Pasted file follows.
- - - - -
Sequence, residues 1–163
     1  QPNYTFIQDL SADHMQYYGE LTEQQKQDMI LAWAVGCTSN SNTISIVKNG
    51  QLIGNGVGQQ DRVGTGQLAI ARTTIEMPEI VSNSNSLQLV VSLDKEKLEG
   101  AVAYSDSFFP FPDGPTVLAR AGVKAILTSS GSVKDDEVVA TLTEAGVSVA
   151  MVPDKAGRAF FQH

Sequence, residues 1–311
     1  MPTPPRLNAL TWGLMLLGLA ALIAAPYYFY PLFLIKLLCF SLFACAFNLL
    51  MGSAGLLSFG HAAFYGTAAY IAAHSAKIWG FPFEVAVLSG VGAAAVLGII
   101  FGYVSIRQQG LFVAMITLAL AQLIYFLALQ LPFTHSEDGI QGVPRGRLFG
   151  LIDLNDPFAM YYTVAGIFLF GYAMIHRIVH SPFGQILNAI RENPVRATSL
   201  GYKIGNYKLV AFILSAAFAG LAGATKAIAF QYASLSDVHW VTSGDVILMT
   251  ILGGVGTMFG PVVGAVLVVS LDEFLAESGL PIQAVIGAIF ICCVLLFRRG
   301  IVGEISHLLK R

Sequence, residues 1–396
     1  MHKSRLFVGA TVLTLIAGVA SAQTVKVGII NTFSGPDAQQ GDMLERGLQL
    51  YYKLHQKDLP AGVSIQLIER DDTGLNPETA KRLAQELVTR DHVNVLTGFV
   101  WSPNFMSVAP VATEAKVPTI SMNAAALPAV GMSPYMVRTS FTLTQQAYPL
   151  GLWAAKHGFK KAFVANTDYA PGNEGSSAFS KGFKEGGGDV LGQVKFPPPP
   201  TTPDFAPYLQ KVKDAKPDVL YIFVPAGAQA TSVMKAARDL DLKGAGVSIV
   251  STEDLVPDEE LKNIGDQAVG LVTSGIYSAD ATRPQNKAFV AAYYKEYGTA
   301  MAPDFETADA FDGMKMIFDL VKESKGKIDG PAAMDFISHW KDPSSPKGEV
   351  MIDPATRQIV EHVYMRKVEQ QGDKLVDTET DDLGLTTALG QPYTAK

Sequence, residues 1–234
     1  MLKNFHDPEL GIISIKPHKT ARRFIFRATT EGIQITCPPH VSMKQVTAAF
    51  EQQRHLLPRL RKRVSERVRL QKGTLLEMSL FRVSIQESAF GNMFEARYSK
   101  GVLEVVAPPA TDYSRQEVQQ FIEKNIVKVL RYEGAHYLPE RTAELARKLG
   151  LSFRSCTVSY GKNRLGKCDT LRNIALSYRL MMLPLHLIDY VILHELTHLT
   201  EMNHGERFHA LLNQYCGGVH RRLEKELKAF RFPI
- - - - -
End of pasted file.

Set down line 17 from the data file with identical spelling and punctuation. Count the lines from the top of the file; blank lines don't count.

   101  WSPNFMSVAP VATEAKVPTI SMNAAALPAV GMSPYMVRTS FTLTQQAYPL